The folks in Cover Crops Strategies' Digital Media Department compiled all the most popular content from the past 12 months. Organized by category, here is the best of the best for 2022.

Top 3 Stories from Cover Crop Strategies

1. Scientists Identify Cover Crops That Keep Nitrogen in Soil

To keep nitrogen where it can do the most good, a team of ARS scientists began developing new techniques for cover crop breeders. Their goal was to help the breeders identify plants whose extended underground root systems (known as the rhizosphere) are most effective at keeping nitrogen in the soil.

2. Differences between Cereal Rye and Ryegrass for Cover Crops

There is some confusion when it comes to knowing the differences between annual ryegrass and cereal rye. Many confuse these crops because they share the word “rye” in their names. This article will help you understand the differences between the two crops.

3. Fine-Tune No-Till Drills for Better Cover Crop Seeding

Whether it’s getting cover crop mixes seeded properly or determining the right planting depth, equipment experts and no-tillers offer tips on improving cover crop seeding with no-till drills in this article.

Top 3 Staff Blogs

1. We Don’t Have Decades to Increase Cover Crop Adoption

Some states are doing better than others when it comes to cover crop adoption. Indiana farmers have set a new record for living cover crops planted, at 1.5 million acres, according to a recent conservation survey by the Indiana Conservation Partnership. In this blog, writer Sarah Hill analyzes the data and questions why more farmers aren’t adopting cover crops and other soil health practices.

2. There Can Be No Life Without Soil

In this blog, writer Julia Gerlach discusses drought conditions, evaluating soil health and organic matter damage and offers insight on how to prevent further erosion.

3. How to Get No-Tillers on Board for Carbon Contracts

Writer Todd Janzen summarizes the Agricultural Climate Market Collaborative’s 11 principles for companies developing carbon programs for farmers and shares some concluding thoughts on what happens next.

Top 3 Podcasts

1. Reducing Fertilizer Use with Cover Crops

This episode of the Cover Crops Strategies Podcast features strip-tiller and cover crop advocate Wayne Fredericks of Osage, Iowa. Fredericks discusses how he transitioned to using crops on 100% of his acres, his cover crop goals, how using covers has helped him reduce fertilizer use and more.

2. Making Dollars & Sense Out of Cover Crops

Jim Hoorman, of Hoorman Soil Health Services in Ohio, discusses the costs of tillage and soil compaction, cover crops, the dollar value of soil organic matter and much more on this podcast episode.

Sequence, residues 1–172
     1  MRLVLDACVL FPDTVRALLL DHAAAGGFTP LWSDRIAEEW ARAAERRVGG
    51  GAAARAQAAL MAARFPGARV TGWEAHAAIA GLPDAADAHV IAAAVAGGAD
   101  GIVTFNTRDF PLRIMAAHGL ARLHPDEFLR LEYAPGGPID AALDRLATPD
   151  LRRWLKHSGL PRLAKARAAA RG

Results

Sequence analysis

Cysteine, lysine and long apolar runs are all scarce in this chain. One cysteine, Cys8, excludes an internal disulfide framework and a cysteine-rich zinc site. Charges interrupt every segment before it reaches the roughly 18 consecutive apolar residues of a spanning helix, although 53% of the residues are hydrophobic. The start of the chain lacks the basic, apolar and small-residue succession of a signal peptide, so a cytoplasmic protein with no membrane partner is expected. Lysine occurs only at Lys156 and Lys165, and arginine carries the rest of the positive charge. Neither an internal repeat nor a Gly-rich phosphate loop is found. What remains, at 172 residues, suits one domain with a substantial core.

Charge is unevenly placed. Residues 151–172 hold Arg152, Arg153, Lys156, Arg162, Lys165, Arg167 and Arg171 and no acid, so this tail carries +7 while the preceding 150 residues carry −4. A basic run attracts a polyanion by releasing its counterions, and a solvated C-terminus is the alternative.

3. Grazing Beef Cattle on Cover Crops Provides Economic Returns

This edition of the Cover Crops Strategies podcast features Dan Shike, associate professor of animal science at University of Illinois. Shike discusses the benefits cover crop grazing can offer livestock producers, the planning needed to incorporate covers into a beef operation and how grazing cover crops affects soil health.

Most Shared Article from 2022

Dragline With Manure Assists Cover Crop Termination

Read this article to learn about how no-tillers from Perrysville, Ohio, utilize manure from their 650-cow dairy to maintain high-yielding double crops and feed for their herd.

Best of the Web 2022 Recap

1. Lower Seeding Rates Produce Same Results as Extra Seeds for Winter Legume Cover Crop

A recent study for specialty crop growers by the Arkansas Agricultural Experiment Station found that lower seeding rates for winter legume cover crops produced statistically similar cover crop biomass production for most legumes tested.

2. Can a Strain of Wheatgrass with an Odd Name Help Colorado Farmers Use Less Water?

Farmers and agricultural researchers across Colorado are testing the viability of a drought-tolerant perennial wheatgrass developed in Kansas called Kernza.

3. Intercropping and Interseeding: Researchers Look to Past for Answers to Present

In this article, researchers compare buckwheat, clovers and peas interseeded into an organic corn crop, as well as cover crops planted in both tilled and no-tilled conditions with standard, high and low seeding rates. The aim is to devise a system that improves soil-plant interactions, reduces inputs and improves crop productivity.

Click here for more Industry News.